In this first Sighting, we reflect on the role that stories, language and framing will play as we decide, as a society, how to rebuild. 


The stories we tell now about how society is responding to COVID-19 will shape how we look back on this time and how we move forward as a society. 

Questions we’ve been asking ourselves

  • How do we promote stories of connection and support without silencing important voices?
  • How do we spread these stories beyond our own ‘echo chambers’, generating the critical mass that is needed to provoke change? 
Some have been talking this week about the three quarters of a million people volunteering for the NHS support programme and more than 270,000 community groups formed in 15 days. Others have focused on people who ignore the guidelines on distancing or hoard and waste food. In general we know that crises are more likely to reinforce, than to challenge, our existing beliefs and, more than ever, social media allows us to draw all the evidence we want from people who agree with us. 

Perhaps then it is not surprising that we are almost equally divided in our opinions on the state of society; You Gov found that, at the end of the first full week of lockdown 51% feel less positive about society than they did before the crisis began.

“How we talk about the crisis now will determine how we come out of it. When the events of 2008 became known as ‘Labour’s financial crisis’ and ‘Labour’s deficit’ it established  a storyline for the policies on austerity and public expenditure which were to follow. If phrases like the ‘Banking crisis’ or the ‘Global financial crisis’ had dominated discourse, the policy would have been different. Today we are also using different language; telling and hearing different stories.”
Observatory Contributor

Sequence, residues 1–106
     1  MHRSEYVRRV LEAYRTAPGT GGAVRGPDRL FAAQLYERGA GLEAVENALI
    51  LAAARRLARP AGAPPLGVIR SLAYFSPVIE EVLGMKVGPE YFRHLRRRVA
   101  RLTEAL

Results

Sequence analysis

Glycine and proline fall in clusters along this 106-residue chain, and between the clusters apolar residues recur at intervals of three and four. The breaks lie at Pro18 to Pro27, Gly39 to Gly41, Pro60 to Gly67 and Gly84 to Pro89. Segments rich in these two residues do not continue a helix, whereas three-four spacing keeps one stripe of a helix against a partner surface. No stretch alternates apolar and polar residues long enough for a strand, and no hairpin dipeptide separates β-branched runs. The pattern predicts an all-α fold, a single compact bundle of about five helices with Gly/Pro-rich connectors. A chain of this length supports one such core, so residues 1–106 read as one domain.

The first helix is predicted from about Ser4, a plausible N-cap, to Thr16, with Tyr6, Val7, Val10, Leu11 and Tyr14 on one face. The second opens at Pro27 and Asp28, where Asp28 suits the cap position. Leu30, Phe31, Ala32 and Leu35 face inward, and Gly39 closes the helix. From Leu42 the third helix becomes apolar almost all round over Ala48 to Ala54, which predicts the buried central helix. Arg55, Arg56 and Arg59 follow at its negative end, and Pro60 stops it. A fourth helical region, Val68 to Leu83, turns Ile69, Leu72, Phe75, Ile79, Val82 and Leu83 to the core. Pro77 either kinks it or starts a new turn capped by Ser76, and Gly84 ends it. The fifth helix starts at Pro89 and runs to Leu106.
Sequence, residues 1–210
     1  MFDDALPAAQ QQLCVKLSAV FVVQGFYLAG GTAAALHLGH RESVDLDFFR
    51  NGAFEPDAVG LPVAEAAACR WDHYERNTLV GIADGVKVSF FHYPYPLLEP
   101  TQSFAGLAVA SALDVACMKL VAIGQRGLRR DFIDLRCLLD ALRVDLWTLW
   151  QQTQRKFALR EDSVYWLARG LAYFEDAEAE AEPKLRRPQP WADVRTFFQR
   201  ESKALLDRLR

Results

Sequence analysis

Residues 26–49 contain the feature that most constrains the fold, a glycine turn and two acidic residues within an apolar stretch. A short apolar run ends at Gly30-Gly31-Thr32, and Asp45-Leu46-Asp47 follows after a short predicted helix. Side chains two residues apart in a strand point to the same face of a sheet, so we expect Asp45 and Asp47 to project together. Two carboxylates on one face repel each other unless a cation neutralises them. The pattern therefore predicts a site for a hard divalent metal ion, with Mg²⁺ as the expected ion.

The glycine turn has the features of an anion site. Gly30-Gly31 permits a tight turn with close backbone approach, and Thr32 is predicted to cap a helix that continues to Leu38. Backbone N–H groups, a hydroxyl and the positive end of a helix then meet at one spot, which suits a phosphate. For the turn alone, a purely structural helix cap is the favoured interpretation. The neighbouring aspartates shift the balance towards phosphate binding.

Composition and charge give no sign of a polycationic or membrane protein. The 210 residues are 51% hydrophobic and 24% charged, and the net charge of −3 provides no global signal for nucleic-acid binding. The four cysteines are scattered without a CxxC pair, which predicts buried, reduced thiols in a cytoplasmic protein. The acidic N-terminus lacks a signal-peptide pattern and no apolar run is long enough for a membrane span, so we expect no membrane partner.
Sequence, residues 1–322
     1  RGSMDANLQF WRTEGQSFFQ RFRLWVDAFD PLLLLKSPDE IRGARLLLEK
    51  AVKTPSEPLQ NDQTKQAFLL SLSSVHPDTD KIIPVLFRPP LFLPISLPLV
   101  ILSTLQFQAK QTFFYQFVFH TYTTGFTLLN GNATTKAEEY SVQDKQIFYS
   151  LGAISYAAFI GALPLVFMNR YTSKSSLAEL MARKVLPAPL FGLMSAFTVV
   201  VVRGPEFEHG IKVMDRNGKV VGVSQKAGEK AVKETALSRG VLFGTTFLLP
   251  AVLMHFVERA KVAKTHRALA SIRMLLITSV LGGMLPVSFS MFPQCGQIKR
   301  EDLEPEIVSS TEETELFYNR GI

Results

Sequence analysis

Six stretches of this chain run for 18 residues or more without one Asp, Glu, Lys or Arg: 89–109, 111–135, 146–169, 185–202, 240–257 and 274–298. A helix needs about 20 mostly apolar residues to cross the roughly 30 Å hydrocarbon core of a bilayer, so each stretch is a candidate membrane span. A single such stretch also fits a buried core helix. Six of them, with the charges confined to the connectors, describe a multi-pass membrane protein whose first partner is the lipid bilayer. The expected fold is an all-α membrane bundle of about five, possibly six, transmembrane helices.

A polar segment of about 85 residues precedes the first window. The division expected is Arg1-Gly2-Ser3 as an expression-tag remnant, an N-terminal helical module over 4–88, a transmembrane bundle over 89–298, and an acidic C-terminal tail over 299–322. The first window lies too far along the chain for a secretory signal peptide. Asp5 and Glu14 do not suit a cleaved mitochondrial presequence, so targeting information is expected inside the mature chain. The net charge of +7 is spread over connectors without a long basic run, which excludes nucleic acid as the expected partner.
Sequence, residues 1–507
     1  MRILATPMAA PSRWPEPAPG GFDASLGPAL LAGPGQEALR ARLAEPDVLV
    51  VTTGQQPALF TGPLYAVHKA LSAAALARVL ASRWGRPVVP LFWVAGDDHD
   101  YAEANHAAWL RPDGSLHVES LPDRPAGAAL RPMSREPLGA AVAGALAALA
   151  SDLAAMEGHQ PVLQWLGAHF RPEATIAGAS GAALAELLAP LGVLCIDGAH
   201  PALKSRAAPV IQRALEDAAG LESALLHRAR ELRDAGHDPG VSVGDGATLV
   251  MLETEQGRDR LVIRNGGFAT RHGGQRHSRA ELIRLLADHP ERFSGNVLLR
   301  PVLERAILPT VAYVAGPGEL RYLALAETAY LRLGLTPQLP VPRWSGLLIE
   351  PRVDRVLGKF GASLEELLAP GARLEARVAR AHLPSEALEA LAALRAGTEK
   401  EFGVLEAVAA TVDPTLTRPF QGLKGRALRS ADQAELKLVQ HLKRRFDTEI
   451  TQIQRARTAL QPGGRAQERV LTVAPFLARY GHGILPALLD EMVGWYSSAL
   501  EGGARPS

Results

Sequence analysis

Surfacing and spreading positive stories

Iona Lawrence has been leading work on The Connection Coalition to help to spread “stories of connection”. Iona describes the Coalition as “a cross-sector partnership designed to ensure that physical distancing doesn’t create a crisis of disconnection, enforced social isolation and loneliness now and in the future.” The Coalition will “collect and share stories of connection in all its different forms to share with wider audiences”

There are plenty of people saying the current moment is a massive opportunity for change, and I agree. But like the new relationships that are emerging, the spaces where calls for change are emerging are disconnected and vulnerable to the same old vices: lots of little fields with their own gatekeepers patrolling the conversations. Meanwhile those who are determined that change should not happen, or should happen in ways that shore up existing systems, are well organised and well resourced. So this time round, what will sustain a movement to rebuild and reconfigure relationships? If we are seeking to learn in real time from the crisis we are in, how will that learning reach beyond our own networks and communities?
Observatory Contributor


The language that we use to tell the stories of the response needs to be carefully considered. New words are needed to describe new responses. 

Questions we’ve been asking ourselves

  • What language should we be using to pave the way for a connected, cohesive transition out of this period?